Introduction to psychology
As human beings our curiosity drives us to know the reasons behind various events happening around us. Whenever we meet somebody or see someone doing something we immediately try to understand as to why this person is doing this kind of activity. Similarly we often try to understand our own experiences and behaviors in different situations. The eagerness and curiosity guide us to think as to how people are different from each other in terms of their intellect, aptitude and temperament: Why do they become happy or sad? How do they become friendly or develop antagonistic relationships? How do some people learn anything quickly while others take relatively more time? The answer to all these questions may be given by a novice as well as a person who has learned psychology. The answer of the novice can be guided by common sense but a psychologist can study the reasons behind such activities in a systematic way and can provide scientific answers to these questions which can be tested time and again. In this lesson we will try to understand the nature and scope of psychology in detail.
NATURE OF PSYCHOLOGY AND ITS DEFINITION
In simple words psychology is a systematic and scientific study of mental processes, experiences and behaviors – both overt and covert. The word ‘psychology’ has its origin in two Greek words ‘psyche’ and ‘logos’. The word ‘psyche’ in Greek language refers to ‘spirit’ or ‘soul’ and the word ‘logos’ refers to ‘discourse’ or ‘study’. During earlier times it was considered as a discipline which deals with the study of soul. In India the study of such questions was the main concern during Vedic and Upanishadic period. Various aspects of mental processes were analyzed. Subsequently the schools of Yoga, Samkhya, Vedant, Nyaya, Buddhism, and Jainism provided detailed accounts of mind, mental processes and methods to control mind. In modern period it started at Calcutta University in 1916 with the establishment of the Department of Psychology.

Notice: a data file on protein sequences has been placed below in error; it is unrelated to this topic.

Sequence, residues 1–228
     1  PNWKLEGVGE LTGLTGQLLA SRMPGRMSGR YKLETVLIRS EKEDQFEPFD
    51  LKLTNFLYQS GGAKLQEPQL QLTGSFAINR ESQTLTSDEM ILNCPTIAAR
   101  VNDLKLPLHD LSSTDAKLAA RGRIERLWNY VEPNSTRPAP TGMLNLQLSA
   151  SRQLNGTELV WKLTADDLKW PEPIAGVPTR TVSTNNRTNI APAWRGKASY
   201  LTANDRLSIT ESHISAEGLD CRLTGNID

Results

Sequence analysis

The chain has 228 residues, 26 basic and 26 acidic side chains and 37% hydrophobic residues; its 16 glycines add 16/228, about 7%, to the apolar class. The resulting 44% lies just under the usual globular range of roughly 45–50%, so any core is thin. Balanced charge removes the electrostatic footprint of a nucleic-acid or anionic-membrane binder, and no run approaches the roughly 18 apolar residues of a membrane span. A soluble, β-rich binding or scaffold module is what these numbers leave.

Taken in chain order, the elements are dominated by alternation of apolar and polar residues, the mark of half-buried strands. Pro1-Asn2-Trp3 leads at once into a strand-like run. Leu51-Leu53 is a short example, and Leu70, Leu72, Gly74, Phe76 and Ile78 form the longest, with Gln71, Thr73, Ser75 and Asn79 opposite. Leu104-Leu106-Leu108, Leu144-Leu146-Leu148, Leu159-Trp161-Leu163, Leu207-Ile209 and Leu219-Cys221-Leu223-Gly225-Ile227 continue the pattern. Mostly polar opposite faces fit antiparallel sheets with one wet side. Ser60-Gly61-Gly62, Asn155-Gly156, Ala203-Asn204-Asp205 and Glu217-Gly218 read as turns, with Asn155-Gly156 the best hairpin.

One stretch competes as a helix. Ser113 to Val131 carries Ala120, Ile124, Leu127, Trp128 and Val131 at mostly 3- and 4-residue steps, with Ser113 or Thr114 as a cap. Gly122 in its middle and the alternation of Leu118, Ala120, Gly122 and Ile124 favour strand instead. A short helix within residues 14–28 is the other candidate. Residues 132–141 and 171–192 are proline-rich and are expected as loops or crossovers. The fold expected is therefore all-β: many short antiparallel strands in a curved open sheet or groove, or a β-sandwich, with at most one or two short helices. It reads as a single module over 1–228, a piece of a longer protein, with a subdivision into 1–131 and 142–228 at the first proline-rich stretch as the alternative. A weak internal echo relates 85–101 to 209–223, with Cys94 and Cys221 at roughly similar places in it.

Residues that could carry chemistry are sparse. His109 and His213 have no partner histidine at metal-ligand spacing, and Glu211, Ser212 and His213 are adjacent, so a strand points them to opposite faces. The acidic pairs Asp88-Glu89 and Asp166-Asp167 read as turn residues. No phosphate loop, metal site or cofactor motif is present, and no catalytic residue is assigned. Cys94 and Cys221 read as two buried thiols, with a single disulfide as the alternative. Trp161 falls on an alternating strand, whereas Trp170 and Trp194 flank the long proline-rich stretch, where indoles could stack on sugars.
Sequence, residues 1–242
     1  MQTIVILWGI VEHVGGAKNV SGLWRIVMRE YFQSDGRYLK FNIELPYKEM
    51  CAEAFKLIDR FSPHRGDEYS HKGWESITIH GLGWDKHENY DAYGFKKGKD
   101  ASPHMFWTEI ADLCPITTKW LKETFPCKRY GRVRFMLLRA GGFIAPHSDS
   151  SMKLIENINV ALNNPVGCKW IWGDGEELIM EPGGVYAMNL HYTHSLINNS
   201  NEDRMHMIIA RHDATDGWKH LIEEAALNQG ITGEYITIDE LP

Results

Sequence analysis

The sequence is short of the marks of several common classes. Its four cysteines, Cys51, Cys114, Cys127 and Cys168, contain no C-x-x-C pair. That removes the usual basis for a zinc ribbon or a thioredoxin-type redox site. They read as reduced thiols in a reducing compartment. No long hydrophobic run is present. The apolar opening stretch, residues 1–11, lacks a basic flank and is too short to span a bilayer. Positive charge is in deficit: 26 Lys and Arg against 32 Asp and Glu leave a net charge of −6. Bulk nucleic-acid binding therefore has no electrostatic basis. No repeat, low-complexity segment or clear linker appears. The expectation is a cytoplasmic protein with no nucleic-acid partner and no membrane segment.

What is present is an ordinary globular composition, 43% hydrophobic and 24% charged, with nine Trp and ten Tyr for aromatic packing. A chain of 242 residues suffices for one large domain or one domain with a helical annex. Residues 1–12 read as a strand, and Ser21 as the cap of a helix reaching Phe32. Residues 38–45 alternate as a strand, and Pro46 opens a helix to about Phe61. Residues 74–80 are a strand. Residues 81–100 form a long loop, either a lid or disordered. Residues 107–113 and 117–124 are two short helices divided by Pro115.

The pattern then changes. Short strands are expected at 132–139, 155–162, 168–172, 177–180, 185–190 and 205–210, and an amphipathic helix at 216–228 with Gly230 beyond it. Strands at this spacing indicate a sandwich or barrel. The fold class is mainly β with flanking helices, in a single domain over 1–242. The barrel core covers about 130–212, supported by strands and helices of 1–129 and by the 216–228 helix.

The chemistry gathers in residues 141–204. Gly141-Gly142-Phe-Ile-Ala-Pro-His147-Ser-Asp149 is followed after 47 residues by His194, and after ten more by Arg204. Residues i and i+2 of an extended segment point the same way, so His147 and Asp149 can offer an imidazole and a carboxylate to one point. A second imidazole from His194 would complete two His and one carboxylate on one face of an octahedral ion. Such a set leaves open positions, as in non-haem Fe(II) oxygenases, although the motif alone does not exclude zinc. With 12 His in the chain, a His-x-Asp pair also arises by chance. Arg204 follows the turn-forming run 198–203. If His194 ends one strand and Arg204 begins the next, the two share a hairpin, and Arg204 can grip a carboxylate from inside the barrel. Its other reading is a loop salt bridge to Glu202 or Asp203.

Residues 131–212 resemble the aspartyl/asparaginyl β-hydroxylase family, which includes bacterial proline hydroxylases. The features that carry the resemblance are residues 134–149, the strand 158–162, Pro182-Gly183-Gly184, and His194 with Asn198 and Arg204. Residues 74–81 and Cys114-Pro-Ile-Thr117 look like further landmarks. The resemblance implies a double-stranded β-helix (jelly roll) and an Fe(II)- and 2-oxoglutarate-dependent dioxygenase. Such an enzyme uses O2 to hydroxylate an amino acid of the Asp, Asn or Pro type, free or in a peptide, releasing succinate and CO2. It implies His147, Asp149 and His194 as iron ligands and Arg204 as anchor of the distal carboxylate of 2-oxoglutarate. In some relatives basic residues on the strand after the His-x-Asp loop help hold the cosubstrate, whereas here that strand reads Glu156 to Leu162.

In the western world, the formal beginning of psychology as an independent discipline goes back to 1879 when Wilhelm Wundt established the first experimental laboratory at the University of Leipzig, in Germany. Since then the growth of psychology has covered a long journey. Today it is one of the very popular subjects among social sciences. It studies all the shades of experiences, mental processes and behaviours. A comprehensive analysis of all these aspects provides a scientific understanding of human nature. In the following sections we will try to understand all the components which collectively define psychology.
A) Study of experience
Psychologists study a variety of human experiences which are mainly personal or private. They may range from experiences of dream, conscious experiences at different stages of life and experiences when the consciousness is altered through meditation or use of psychedelic drugs. The study of such experiences helps the psychologist to understand the personal world of the individual.
(B) Study of mental processes
Psychology as the study of mental processes tries to investigate the activities happening in the brain which are primarily non physiological in nature. These mental processes include perception, learning, remembering and thinking. These are internal mental activities which are not directly observed but inferred from the behavioural activities of the person. For example, we can say that somebody is thinking if he or she displays certain activities related to finding solution to a mathematical problem assigned to him or her.
(C) Study of behaviour
The range of behaviours studied in psychology is very broad. It includes simple reflexes (e.g. eye blinking), common response patterns such as talking to friends, verbal reports about feelings and internal states and complex behaviours such as handling computers, playing piano and addressing a crowd. These behaviours are either observed directly through naked eyes or are measured through instruments. They are generally exhibited verbally or nonverbally (e.g. facial expression) when an individual reacts to a stimulus in a given situation. Thus in psychology, the main unit of investigation is the individual human being and his or her experiences, mental processes and behaviours.